Artichoke and Green Olive B’stilla with a side of roasted tomatoes
B’stilla is a filo pastry encased pie, fried in a pan rather than baked in the oven. It is traditionally filled with poussin or chicken and dusted with icing sugar and cinnamon in a diamond shape configuation and is considered the crowning glory of the Moroccan kitchen.
This all - vegetable interpretation, maintains a Moroccan influence, with its use of preserved lemon, saffron and green olives but has otherwise nothing to do with the traditional recipe.
You can (and I do) use the idea in a hundred ways with fillings as familiar as pumpkin and goats cheese, or spinach with feta – layering differently coloured vegetables, red and yellow peppers, courgettes and aubergines among them, makes a B’stilla which cuts beautifully revealing its rainbow layers. Or you can make it truly exotic – and this is probably my favourite version - with a confit of golden shallots and whole garlic cloves, blanched almonds, a layer of Meredith Goats’ Cheese (an Australian goats cheese which can be replaced by any Feta or soft, salty cheese), topped with a layer of cut, ripe fresh figs. I teach both the latter and the recipe given below often and people are always bowled over.
Serve with a sharp, peppery rocket and radicchio salad, casually tossed in olive oil, a white balsamic if you can find it and a scrunch of sea salt. If you need more than this, then crunchily roasted small potatoes and a bowl of soft greens of any kind go perfectly.
3 - 4 whole, quite large artichokes, fresh and in season
2 tbs light olive oil
1 small red onion, finely chopped
450g small, waxy salad potatoes, peeled and sliced pencil thick
A fat pinch of saffron, left to brew in 275ml of hot water
2 fat, juicy garlic cloves, thinly sliced
150g meaty – fleshed green olives (organic Sicilian are excellent), pitted and sliced to the thickness of a $2.00/pound coin
A small handful of fresh parsley, finely chopped
A small handful of chives, very finely snipped
1/2 a small preserved lemon, chopped
1 – 2 tbs thick (double) cream
5 sheets filo pastry
90g butter, melted or 90ml olive oil
1 crêpe size frying pan, non stick is best and lighter
To prepare the artichokes, slice them down the middle, lengthways.
Remove the hairy choke and cut them into thick slices, rubbing with lemon juice and putting the slices in a pan of water, acidulated with lemon juice until ready to use.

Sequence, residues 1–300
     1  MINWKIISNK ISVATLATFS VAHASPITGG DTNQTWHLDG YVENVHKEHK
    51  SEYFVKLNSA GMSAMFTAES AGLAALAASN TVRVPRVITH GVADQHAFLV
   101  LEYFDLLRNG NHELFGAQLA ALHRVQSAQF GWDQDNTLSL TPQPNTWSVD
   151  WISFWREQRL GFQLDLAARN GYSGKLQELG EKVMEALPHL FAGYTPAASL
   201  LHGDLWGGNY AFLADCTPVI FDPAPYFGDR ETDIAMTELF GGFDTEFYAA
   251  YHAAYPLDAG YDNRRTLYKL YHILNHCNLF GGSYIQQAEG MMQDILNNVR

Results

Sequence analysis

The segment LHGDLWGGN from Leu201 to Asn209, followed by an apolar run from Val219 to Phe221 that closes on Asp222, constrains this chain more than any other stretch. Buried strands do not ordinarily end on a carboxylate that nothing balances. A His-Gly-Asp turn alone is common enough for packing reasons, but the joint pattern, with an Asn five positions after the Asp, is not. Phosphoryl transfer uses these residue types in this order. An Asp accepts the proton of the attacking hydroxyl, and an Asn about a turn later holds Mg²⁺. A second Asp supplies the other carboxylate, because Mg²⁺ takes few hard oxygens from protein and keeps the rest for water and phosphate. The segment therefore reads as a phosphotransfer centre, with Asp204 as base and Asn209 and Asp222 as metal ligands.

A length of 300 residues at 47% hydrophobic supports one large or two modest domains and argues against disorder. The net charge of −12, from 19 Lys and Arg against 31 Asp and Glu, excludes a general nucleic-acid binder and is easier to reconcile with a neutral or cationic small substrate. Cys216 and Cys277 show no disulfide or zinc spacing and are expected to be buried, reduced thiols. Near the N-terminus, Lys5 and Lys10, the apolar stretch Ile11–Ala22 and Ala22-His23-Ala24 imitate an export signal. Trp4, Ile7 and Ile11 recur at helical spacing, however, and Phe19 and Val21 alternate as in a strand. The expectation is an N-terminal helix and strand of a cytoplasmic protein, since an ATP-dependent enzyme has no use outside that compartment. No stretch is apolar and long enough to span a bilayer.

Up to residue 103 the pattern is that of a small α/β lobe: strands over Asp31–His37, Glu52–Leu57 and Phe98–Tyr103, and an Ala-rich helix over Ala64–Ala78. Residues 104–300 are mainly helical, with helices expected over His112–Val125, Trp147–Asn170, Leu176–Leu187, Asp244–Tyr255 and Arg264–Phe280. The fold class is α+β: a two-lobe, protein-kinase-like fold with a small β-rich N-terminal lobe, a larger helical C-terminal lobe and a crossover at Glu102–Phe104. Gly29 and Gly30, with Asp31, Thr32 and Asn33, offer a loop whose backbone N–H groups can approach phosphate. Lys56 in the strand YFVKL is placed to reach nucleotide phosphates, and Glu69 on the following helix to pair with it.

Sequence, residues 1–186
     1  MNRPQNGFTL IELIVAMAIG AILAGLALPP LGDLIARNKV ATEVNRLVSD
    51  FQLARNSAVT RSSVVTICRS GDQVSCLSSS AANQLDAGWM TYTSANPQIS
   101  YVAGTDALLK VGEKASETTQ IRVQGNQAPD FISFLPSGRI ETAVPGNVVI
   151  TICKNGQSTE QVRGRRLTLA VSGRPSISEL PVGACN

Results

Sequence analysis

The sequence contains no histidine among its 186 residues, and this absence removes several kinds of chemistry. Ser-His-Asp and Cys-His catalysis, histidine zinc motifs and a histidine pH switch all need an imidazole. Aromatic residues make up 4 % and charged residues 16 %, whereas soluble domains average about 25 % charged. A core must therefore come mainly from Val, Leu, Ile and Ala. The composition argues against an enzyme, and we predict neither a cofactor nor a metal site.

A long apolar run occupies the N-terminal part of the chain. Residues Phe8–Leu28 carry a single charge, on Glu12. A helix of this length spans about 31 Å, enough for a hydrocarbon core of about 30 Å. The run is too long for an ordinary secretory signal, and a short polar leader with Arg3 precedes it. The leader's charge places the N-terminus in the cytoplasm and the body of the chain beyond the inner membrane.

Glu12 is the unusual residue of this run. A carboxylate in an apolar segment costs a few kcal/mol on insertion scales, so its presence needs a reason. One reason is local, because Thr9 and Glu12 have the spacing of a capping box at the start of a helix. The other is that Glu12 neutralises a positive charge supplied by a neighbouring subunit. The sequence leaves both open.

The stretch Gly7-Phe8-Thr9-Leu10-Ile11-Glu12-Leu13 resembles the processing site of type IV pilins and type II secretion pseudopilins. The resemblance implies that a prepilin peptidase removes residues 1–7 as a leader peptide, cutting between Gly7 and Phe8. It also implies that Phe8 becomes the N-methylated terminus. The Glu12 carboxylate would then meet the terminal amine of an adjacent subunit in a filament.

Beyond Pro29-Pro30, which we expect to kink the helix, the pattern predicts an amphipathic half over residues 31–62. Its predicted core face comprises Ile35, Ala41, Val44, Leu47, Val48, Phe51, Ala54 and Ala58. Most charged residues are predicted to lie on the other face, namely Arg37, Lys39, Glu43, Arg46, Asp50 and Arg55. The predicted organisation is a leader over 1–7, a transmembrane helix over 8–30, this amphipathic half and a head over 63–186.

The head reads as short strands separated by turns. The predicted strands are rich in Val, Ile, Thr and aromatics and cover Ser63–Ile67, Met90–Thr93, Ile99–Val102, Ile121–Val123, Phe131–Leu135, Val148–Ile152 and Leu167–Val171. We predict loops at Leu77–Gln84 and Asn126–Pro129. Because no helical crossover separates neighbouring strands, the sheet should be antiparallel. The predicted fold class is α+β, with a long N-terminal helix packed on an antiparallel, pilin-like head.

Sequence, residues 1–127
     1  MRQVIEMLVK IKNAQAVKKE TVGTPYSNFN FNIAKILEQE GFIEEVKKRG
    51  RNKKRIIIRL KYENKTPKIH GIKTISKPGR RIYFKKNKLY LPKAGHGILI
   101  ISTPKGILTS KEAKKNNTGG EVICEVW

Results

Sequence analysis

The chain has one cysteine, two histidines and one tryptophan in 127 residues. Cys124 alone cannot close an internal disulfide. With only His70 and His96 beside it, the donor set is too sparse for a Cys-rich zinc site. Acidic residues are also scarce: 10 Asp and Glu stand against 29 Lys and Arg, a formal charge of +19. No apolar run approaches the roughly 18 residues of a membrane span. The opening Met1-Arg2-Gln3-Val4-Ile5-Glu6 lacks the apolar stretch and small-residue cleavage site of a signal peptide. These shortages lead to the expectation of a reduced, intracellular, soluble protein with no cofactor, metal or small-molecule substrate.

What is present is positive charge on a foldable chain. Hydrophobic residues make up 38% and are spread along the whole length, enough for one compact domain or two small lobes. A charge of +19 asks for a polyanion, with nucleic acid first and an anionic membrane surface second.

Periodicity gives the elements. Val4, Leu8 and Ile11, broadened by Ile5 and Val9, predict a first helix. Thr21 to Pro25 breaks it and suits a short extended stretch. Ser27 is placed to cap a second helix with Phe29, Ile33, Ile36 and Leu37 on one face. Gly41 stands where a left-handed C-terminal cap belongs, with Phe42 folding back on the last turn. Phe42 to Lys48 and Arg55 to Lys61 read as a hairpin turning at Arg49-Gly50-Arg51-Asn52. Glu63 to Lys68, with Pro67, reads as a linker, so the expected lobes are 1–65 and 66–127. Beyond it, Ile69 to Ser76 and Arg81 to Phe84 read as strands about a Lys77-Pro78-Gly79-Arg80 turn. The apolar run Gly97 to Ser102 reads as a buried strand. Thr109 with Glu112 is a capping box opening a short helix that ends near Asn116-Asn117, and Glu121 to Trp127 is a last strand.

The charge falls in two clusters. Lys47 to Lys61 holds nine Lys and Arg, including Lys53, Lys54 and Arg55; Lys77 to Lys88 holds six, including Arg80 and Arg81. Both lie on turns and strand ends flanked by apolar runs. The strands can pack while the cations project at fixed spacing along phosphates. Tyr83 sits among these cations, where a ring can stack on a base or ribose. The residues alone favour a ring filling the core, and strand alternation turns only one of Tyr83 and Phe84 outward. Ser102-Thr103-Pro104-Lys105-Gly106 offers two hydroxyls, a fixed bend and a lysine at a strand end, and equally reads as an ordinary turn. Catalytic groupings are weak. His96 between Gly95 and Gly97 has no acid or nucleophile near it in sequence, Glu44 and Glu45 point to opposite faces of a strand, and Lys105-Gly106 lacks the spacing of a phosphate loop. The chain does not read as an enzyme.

Heat the oil in a pan, add the red onion and fry till translucent.
Remove the onion from the pan, using a slotted spoon and shaking off as much of the oil back into the pan as you can and set aside.
Add the potatoes to this now onion - infused oil, toss and fry for a few minutes to tinge them with gold, add the saffron stock, every last drop and filament of it and simmer gently for 20 minutes.
Either wait till the potatoes are cooked and re - use the same pan, or in a separate pan, heat a tablespoon of olive oil and tumble the sliced artichokes and garlic into it. You want the artichokes to go a fine shade of golden brown but for the garlic not to colour much at all. You can use little splatterings of saffron stock to keep every thing moving, so that the juices once reduced leave you with a spoon of sauce in the pan. The potatoes should have cooked to perfect tenderness without having reached the point of collapse. Gently fold in the green olives, the chopped preserved lemon and fried red onion.
Again, folding rather than stirring, carefully add the double or thick cream to the potatoes and speckle with the chopped parsley and chives.
Allow to cool a little - a lovely pan of springtime green and sunshine yellow that can be eaten just as is.
But there’s more.
Lightly brush a 23cm diameter frying pan with olive oil and heat over a medium heat.
Place the sheets of filo on a clean, dry surface. Cut each sheet into three wide strips and pile on top of each other to stop them from drying out. Brush the top piece with melted butter (or olive oil) and place in the hot (though not too hot) pan, then do the same to the next sheet and lay it, at right angles on top of the first. Continue in this way till you have used 12 pieces, in other words, 4 whole sheets, cut up and overlapping all the way round the pan.
Spoon first the combined potato, olive, preserved lemon and onion to form the first layer and then the fried artichokes onto the pastry, folding the overlapping pieces of filo over, so the filling is securely encased. Tuck in any stray pieces and brush the top generously with butter or olive oil.
Use the remaining pieces of filo to finish off and tidy the top of the B'stilla before turning it over onto the second side.
Place the pan over a medium heat and fry for about 2 minutes, until golden brown and crisp underneath. You can check for this by gingerly sliding a palette knife under and sneaking a peak. If it isn’t quite golden yet, continue for a moment till it is.
Then place a large plate over the pan, hold it tightly and flip over. Slide the pie back into the pan, cooked side up and brown the underside for another two minutes or so. Don’t worry if it slips a bit – you can push it back together and reshape it in the pan, if necessary.
When it is suitably golden on both sides, you can serve straight from the pan or turn it out onto a plate which always creates a little buzz of anticipation, crisp and light as you’ll see and all of a golden sizzle. Serve at once.
If you cut it with a finely serrated knife, you’ll get wedges that properly hold their shape and filling.